Mother's day

A Mother’s Work is Never Done

by Northern Life

UK mums are working harder and longer than ever before – 10% of UK adults aged 65+ receive regular help with daily chores like washing, cooking and shopping from their mothers.

Mother’s Day cards for great-grandmothers are growing in popularity

Mother’s Day is fast approaching and around the UK, many mums are hoping for a day off. An increasing number of mums are aged 85+ and still juggling the demands of babysitting, cooking meals for their children, washing their clothes and doing the family shop.

According to national polling on behalf of Clintons, mums of children aged over 65 often remain involved with all elements of their children’s lives. This involves everything from cooking them meals (12%), doing their shopping (12%), washing and ironing their clothes (10%) to cleaning their house (11%). Perhaps surprisingly, 7% of mums with kids aged 65+ will cook them a meal at least 10 times per month.

Older mothers are equally involved with looking after younger generations and family pets. Of those adults aged 65+, 8% will ask mum to look after their children and 7% will ask their mums to walk the dog or look after family pets on a regular basis.

Sales data shows that Grandmother specific captions now account for one-in-10 of all cards sold on Mother’s Day. Nans, Grandmas, Grannies and Grandmothers are honoured with
over 70 different card designs this year. Cards from grandchildren as well as those for great-grandmothers have also been introduced.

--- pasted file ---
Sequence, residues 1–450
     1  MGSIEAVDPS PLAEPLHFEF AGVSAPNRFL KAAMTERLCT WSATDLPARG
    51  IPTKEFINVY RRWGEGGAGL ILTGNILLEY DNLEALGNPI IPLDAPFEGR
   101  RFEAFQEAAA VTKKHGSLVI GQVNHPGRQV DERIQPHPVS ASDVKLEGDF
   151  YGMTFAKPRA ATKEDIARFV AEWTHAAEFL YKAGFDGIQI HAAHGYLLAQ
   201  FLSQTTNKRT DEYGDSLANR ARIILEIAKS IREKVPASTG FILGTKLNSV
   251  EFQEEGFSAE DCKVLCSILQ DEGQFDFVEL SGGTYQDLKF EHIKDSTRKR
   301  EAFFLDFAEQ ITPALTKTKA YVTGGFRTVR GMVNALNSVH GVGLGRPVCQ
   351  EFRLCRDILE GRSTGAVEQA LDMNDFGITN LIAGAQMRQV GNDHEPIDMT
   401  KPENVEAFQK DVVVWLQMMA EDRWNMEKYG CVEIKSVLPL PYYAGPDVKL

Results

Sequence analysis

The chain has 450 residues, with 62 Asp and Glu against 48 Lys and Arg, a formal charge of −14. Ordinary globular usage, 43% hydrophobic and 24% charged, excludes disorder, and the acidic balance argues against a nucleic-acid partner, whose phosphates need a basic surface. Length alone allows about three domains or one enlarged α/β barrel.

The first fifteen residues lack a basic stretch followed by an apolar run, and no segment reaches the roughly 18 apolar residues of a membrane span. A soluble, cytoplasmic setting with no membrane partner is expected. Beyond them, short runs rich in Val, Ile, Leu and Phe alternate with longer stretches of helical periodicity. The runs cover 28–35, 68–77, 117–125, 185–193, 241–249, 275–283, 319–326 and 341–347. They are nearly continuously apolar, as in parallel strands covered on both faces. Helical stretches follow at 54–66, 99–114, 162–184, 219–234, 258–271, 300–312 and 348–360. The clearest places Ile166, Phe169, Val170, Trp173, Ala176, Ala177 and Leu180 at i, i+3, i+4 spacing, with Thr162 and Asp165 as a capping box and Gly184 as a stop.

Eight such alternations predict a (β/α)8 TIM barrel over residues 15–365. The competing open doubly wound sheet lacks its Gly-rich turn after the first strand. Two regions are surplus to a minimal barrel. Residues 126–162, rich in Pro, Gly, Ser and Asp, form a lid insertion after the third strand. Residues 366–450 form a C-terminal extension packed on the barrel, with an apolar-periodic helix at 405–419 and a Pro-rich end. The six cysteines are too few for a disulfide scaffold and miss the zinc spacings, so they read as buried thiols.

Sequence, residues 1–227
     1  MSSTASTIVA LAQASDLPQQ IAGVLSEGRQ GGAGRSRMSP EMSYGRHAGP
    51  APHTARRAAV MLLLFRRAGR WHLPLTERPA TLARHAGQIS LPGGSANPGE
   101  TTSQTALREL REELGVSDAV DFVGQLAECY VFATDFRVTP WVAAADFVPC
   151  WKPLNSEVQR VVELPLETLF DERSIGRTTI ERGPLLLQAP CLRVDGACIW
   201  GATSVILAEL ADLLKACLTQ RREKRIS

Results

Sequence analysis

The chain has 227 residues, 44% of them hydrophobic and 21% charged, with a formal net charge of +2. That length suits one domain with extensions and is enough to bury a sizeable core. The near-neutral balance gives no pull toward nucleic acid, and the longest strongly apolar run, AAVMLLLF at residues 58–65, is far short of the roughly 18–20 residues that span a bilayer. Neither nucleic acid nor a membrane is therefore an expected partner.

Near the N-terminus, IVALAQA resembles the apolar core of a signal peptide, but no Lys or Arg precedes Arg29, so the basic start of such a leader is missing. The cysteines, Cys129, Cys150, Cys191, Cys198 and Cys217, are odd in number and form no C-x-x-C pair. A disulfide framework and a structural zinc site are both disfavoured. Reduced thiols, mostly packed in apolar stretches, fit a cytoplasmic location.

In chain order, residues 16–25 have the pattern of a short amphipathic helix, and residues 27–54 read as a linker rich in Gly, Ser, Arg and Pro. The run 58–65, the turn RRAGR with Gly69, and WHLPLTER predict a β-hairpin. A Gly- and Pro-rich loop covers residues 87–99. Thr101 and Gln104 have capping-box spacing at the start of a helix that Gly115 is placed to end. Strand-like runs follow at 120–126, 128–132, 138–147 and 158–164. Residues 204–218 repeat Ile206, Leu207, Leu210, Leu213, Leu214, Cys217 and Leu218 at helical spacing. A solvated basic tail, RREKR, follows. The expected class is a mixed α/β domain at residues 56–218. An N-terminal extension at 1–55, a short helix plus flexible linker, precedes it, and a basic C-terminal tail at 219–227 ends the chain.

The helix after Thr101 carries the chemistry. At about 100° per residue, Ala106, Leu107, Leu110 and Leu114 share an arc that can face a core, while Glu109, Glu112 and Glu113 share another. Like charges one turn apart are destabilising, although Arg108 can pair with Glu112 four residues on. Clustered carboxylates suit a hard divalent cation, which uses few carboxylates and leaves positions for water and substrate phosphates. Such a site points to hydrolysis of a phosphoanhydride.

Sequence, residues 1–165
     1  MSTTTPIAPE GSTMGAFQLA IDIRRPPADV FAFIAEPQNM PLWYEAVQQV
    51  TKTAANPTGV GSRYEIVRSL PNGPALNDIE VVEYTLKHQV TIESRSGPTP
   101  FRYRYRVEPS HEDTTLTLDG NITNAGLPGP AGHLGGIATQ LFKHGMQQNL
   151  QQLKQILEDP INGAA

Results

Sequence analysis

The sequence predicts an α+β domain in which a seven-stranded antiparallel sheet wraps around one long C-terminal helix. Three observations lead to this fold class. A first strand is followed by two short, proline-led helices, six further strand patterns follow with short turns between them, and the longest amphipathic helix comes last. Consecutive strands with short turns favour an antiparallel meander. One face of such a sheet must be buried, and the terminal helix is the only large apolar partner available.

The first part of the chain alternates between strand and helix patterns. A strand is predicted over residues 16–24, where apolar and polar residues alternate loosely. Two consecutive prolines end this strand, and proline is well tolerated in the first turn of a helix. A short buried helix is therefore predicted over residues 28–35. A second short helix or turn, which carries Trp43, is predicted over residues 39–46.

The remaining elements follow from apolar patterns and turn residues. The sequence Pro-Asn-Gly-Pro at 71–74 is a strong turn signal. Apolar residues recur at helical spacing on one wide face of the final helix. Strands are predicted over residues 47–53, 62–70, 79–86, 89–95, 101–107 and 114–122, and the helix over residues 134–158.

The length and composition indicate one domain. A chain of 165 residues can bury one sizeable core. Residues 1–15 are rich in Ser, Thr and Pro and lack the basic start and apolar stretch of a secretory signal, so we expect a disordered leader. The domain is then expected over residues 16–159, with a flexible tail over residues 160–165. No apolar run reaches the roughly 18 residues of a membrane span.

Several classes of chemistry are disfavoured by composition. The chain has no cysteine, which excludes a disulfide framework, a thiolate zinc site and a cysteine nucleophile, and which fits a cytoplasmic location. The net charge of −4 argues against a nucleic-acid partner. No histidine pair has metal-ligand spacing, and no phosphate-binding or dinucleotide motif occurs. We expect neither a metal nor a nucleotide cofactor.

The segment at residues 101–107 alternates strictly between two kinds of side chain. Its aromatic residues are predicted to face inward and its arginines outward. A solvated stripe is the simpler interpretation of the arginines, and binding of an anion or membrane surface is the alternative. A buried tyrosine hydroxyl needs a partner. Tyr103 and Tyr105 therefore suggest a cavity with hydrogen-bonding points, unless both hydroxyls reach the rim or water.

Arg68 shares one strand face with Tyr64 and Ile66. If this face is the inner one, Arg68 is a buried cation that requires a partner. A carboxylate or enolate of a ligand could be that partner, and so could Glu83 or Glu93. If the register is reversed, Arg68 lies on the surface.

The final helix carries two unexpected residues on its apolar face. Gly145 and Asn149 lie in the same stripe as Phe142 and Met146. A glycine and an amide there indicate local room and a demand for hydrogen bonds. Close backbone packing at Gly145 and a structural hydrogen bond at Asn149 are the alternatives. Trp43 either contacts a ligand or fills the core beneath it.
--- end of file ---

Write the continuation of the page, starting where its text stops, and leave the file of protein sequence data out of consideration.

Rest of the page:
Nicola Miller, Head of Cards at Clintons, said: “The age of retirement appears to have little impact on mums of today. Senior mums often take on a dual role. Aside from their important relationship with grandchildren, many continue to actively support their own sons and daughters well into their 60’s and beyond. It won’t be long before we’ll have to introduce cards for great-great-grandmothers on Mother’s Day.”

Celebrations of mothers and motherhood can be traced back to the ancient Greeks and Romans, who held festivals in honour of the mother goddesses Rhea and Cybele, but the clearest modern precedent for Mother’s Day is the early Christian festival known as Mothering Sunday. People in the UK started celebrating Mother’s Day on the same day that Mothering Sunday was celebrated, the fourth Sunday in Lent. The other names attributed to the fourth Sunday in Lent include Refreshment Sunday, Pudding Pie Sunday (in Surrey, England), Simnel Sunday and Rose Sunday.